According to a report, a 6-year-old who shot his teacher told another educator that he wanted to set her on fire and watch her die.
Last month, the troubled boy nearly made good on his apparent murderous impulses, shooting first grader teacher Abigail Zwerner at Richneck Elementary School in Newport News., Va., officials have said. Zwerner survived.
Zwerner and other Richneck teachers said they had shared their fears about the child’s grave behavior with administrators, only to have their concerns downplayed or ignored, The Washington Post reported.
Zwerner had asked for help with the boy and expressed concerns about his behavior, teachers wrote in online messages to Newport News Superintendent George Parker III.
“She had asked for help,” one school staff member wrote in the chat.
“Several times,” another added.
The child, who was known to throw furniture and other objects in the classroom, once wrote a note to a teacher telling her he hated her and wanted to set her on fire to kill her, according to the teachers union. According to the teacher, when she brought the disturbing letter to school administrators, they told her to throw it away.
The date of the threat is unknown, according to the outlet.
Another time, the student managed to prevent a teacher and other students from leaving their classroom by barricading the doors. They were only freed after the teacher banged on the door and a colleague across the hall managed to open it.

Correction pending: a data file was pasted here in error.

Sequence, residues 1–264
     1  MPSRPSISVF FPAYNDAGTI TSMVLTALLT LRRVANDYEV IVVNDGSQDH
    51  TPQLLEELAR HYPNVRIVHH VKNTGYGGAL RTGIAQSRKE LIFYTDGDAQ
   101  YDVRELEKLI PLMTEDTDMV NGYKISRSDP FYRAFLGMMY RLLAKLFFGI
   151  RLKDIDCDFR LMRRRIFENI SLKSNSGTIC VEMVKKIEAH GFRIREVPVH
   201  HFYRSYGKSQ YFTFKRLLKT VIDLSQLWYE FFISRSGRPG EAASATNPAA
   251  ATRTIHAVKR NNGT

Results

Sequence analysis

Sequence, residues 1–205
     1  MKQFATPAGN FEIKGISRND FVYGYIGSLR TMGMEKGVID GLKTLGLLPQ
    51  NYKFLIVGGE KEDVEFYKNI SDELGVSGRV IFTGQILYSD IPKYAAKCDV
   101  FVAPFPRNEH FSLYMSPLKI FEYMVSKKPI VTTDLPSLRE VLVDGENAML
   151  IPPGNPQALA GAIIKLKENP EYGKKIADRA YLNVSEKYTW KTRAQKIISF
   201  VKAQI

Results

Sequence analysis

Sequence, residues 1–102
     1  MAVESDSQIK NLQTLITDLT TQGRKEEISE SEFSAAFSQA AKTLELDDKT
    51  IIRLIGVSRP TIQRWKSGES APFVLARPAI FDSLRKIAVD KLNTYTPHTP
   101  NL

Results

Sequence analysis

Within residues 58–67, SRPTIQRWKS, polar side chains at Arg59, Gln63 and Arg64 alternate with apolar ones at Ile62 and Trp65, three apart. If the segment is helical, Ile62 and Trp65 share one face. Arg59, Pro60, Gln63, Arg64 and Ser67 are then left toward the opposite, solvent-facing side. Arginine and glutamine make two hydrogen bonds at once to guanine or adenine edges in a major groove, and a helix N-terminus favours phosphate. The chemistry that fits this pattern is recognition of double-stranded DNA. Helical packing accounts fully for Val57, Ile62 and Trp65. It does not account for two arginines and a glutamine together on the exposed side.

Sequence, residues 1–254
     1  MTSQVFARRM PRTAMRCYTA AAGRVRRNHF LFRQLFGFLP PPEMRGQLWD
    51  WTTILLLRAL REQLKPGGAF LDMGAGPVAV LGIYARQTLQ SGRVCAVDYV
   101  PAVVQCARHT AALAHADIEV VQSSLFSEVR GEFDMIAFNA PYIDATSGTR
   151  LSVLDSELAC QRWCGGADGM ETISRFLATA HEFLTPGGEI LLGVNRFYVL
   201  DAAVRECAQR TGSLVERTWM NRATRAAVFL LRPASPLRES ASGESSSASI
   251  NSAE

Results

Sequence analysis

Zwerner, 25, was shot in the chest while teaching her first-grade class on Jan. 6. She sent her students out of the classroom before collapsing and being rushed to the hospital.
According to authorities, there was no warning or struggle before the boy aimed the 9mm Taurus handgun and opened fire on his teacher.
Parker revealed that at least one school official was notified that the boy may have brought a weapon to school hours before the shooting, but no weapon was found after searching his backpack.
The shooting is being investigated as “intentional,” Newport News Police Chief Steve Drew said.
In their first public statement since the shooting, the child’s parents stated that the firearm was “secured” in their home.
They added that the boy “has an acute disability” and that his mother or father accompanied him to class every day, and that the week of the shooting “was the first week when we were not in class with him.”
“We will be sorry for missing this day for the rest of our lives,” they added.